Fate of the Foreskin

Even though it’s been a longstanding practice in the United States and around the world, male circumcision is not as harmless as it seems.

Circumcision is common practice in the U.S., but there are numerous consequences that come along with it. There is very little relevant research that justifies circumcision, so why is it still happening? The practice has gone from a once religious meaning to something that everyone feels entitled to partake in. However, with adverse medical implications, circumcision is an unnecessary procedure.

With its rise in popularity in the U.S. in the early 1900s, male circumcision became commonplace despite no clear religious ties. Another reasoning behind the spike in popularity of circumcision in the U.S. was the fear of masturbation. John Harvey Kellogg championed not only a bland and fibrous breakfast, but also circumcision as the cure for masturbation in the late 1800s.

In 1870, Dr. Lewis Sayre began preaching circumcision as the fix-all for a variety of male medical issues, from paralysis to epilepsy, even mental illnesses. None of these, though, were cured by circumcision. Similarly, female circumcisions and clitordectomies were used to treat ailments. This fell out of fashion in the U.S. quickly—male circumcision, however, stuck around.

This was the first time the American Medical Association took anyone seriously; Sayre had been a well-respected, high-ranking official in the New York medical field for quite some time, and the medical community took his findings completely at face value.

The medical field has claimed circumcision is cleaner for the penis. In the early 1900s, during the height of germ awareness, doctors and surgeons claimed that by performing the procedure on an infant, many diseases could be prevented. Professors at College of Medicine and Dentistry, James Cook University in Australia, combated this idea.Their research revealed that circumcision has been loosely linked to reduced rate of HIV transmission and genital herpes.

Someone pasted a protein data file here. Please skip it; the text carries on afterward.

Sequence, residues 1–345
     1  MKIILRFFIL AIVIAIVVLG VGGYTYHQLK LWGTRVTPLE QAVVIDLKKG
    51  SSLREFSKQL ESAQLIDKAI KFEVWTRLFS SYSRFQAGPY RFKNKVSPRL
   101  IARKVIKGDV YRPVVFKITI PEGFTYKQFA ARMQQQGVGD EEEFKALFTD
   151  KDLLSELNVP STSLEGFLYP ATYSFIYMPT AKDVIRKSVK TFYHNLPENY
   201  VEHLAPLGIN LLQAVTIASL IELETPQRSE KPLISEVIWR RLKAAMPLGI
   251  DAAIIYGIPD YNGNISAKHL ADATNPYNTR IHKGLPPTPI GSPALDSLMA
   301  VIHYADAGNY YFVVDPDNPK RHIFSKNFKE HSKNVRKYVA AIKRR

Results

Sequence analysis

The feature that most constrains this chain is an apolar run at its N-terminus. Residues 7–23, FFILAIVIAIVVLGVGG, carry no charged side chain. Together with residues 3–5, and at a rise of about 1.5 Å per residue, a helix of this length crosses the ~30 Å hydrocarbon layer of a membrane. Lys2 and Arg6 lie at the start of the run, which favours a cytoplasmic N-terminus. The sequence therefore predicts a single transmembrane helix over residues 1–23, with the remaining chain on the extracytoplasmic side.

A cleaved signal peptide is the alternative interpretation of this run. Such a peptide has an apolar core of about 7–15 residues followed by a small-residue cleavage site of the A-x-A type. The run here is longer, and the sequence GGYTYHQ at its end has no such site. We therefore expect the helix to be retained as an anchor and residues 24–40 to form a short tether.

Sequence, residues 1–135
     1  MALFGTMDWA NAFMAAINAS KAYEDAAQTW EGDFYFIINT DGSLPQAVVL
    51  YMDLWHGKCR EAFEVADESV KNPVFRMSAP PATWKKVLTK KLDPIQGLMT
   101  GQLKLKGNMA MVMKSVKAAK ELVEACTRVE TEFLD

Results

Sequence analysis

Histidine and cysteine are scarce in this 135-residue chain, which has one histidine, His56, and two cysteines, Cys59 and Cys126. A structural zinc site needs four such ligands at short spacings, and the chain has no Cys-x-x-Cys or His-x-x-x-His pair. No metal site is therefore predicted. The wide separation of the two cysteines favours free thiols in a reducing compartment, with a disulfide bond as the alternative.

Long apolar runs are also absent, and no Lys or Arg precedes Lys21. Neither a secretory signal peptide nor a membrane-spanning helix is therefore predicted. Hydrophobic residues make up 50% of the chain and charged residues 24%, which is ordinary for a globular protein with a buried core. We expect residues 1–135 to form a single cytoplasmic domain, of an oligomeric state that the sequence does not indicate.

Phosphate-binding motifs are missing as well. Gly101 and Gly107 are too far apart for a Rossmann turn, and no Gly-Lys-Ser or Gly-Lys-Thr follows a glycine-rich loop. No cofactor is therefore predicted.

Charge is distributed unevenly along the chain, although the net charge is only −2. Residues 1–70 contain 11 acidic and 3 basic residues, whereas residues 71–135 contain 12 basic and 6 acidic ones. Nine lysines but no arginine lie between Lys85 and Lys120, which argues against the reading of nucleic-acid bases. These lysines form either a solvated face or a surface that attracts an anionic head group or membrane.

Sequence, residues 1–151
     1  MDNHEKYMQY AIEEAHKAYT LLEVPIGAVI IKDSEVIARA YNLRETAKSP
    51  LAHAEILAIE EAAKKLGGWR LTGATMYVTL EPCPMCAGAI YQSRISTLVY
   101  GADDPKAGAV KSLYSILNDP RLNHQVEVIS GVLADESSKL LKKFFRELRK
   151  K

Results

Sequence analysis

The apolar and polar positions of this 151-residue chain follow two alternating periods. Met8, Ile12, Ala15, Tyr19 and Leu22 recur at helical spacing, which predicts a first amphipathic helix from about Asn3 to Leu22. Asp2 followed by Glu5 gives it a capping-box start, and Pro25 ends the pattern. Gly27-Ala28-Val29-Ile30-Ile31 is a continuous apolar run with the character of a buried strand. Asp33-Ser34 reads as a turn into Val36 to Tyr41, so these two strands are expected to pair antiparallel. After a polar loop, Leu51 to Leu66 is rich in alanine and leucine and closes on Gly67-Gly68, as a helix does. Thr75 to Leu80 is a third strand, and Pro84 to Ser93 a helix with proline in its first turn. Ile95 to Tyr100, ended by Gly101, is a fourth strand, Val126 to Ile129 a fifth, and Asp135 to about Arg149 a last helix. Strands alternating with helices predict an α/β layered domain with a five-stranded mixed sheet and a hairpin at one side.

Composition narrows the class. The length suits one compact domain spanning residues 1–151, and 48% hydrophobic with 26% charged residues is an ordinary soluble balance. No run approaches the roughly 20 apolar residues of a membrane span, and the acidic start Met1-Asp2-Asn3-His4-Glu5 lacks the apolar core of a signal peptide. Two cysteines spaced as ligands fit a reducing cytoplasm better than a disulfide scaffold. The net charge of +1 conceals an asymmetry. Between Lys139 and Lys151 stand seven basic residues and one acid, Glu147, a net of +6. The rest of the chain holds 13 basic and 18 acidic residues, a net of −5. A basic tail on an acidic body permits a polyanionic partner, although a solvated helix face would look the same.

Medical procedures are not an easy decision. When considering surgery of any kind the patient or parent in this case should be fully informed of all the consequences. There are no probable benefits that make circumcision a necessity. A choice of this magnitude that will affect the life of a child well into adulthood should not be based on impractical claims.

Even doctors who support circumcisions, such as Douglas S. Diekema from the American Association of Pediatrics, said the “health benefits are not great enough to recommend routine circumcision for all newborn males.”

Despite murky medical reasoning and Puritan-era sexual fear, circumcision rates for American males is still 81 percent, according to the Center for Disease Control. It’s even split along race lines, as an overwhelming 91 percent of white men are circumcised, while 76 percent of African-American and 44 percent of Hispanic men are circumcised.

The argument that is commonly used in support of circumcision is that there doesn’t seem to be much harm involved in the procedure. Unfortunately their claims are incorrect and not fully vetted.

There are a lot of myths about circumcision that many Americans brush off without thinking about it. Some of the most significant myths are that the infant either won’t feel the pain of the surgery or that anesthesia is always used. Circumcision is separating the foreskin from the penis itself, which is similar to separating the tissue that holds fingernails to their nail beds. There’s going to be pain involved; there’s no way around that.

Circumcisions on infant males can still be performed without anesthesia. According to the Department of Pediatrics and Adolescent Medicine, HealthPartners Medical Group in Minnesota, only 45 percent of doctors use any at all, and only 25 percent of obstetricians—who perform 70 percent of these surgeries—use it. Even still, the dorsal penile nerve block that is typically used does not block all of the babies’ pain.

This is a pain that a child will remember for the rest of their life. They may not remember the exact event, but many studies have found that the pain of circumcision causes the baby’s brain to rewire and become much more sensitive to pain. Research conducted by the Department of Pediatrics at University of Arkansas for Medical Sciences, and the Pain Neurobiology Laboratory at Arkansas Children’s Hospital Research Institute revealed that circumcision is also linked to post-traumatic stress disorder and problems with intimacy. A study conducted by the Department of Paediatrics, Hospital for Sick Children in Toronto, Canada found that when a circumcised child was brought back for routine vaccinations, they cried more and had more perceived pain with the event.

No rightful parent wishes pain on their child, but circumcision is just that. The intense pain that comes along with the removal of foreskin is more than a pinch, it is an excruciating experience. For a procedure that holds no necessity, the possible trauma caused by it is entirely avoidable.

Circumcision in the U.S. is declining according to a study by the CDC, and it should be. Inflicting a painful surgery with no real medical benefit on unanesthetized infants is unethical and shouldn’t be commonplace in our hospitals.

Body autonomy is something many people fight for, and this instance should be no different. Having the power to make any and all decisions regarding one’s body is a right that everyone deserves. Infants do not have the capacity to choose what pacifier they want let alone decide the fate of their foreskin.